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June 19th, 1940

Mediterranean ports
- The evacuation of French and Allied troops, equipment and technicians useful to the war effort, becomes more and more random and difficult. The number of Armée de l'Air fighters trying to cover the ports decreases every day.
Marseille and Toulon are more and more frequently attacked by the Luftwaffe and the Regia Aeronautica. If Toulon is mainly attacked at night, Marseille, within range of the Bf 109 based in Valence, is now bombed during the day. The day of the 19th was one of the darkest, with the loss of four freighters and the aviso Yser, destroyed in the port of Marseille. After this bombing, the Admiralty forbade warships (and soon liners and large cargo ships) to enter the ports during the day to load (most of the embarkations are now done at night). The operation of the port of Marseille is gradually interrupted. The evacuation will only be able to continue from Toulon and the ports of the Côte d'Azur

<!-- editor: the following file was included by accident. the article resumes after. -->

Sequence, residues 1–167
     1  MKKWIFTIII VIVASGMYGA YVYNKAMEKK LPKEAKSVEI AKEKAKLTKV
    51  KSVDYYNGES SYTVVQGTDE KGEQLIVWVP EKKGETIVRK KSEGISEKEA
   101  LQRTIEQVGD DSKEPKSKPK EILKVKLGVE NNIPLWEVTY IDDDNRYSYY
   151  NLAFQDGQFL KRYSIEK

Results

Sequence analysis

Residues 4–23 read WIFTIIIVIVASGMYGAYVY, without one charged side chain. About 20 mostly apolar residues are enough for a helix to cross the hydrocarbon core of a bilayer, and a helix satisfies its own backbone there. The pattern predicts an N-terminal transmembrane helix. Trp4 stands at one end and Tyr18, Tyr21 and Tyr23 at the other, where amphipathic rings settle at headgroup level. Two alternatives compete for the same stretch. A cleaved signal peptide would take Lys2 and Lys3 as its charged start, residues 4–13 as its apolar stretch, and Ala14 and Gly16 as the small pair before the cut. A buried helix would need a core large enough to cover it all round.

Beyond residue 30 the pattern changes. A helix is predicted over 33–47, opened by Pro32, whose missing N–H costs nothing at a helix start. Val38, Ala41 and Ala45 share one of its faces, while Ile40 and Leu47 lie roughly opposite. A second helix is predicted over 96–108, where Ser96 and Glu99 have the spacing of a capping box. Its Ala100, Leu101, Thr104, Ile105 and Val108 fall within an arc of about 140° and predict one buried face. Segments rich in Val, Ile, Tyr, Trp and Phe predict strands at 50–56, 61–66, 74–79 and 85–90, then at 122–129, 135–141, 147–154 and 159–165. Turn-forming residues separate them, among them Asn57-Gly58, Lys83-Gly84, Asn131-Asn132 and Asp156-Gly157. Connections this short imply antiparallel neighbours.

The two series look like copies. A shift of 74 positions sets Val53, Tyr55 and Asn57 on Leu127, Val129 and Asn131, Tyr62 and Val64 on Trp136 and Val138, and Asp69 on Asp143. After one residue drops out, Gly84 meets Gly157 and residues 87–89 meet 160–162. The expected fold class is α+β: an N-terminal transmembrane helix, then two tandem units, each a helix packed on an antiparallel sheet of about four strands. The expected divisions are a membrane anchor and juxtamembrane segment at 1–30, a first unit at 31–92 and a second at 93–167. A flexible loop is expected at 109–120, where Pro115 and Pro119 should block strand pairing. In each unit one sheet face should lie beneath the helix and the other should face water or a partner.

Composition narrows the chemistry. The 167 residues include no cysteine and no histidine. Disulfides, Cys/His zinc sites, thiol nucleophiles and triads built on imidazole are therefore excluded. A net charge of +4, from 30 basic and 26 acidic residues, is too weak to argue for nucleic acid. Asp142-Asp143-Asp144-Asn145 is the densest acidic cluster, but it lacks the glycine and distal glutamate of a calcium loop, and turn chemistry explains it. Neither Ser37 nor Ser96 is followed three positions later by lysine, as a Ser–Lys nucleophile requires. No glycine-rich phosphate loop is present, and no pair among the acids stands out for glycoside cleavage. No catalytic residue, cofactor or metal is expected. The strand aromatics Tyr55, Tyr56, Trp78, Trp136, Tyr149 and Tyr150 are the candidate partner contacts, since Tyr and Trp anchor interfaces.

(Nice, Cannes, Juan-les-Pins... towards Corsica) and Languedoc (Sète, Collioure, Banyuls, Port-Vendres...towards North Africa).
However, the Luftwaffe does not have a specialized anti-ship unit like the one that the Xth FliegerKorps would become at the end of the year and the anti-ship capacities of the Regia Aeronautica, still lacking effective torpedo bombers and dive bombers, are very weak. Once at sea, the Allied ships are relatively safe from any air threats.
July 19th, 1940

Western Mediterranean, 18:00
- The Italian submarine Medusa attacks a Marseille-Alger convoy, escorted by two torpedo boats, L'Iphigénie and the Bombarde. The latter spots the submarine and chases it, but they spend their modest supply of 20 ASM grenades (10 each) without result.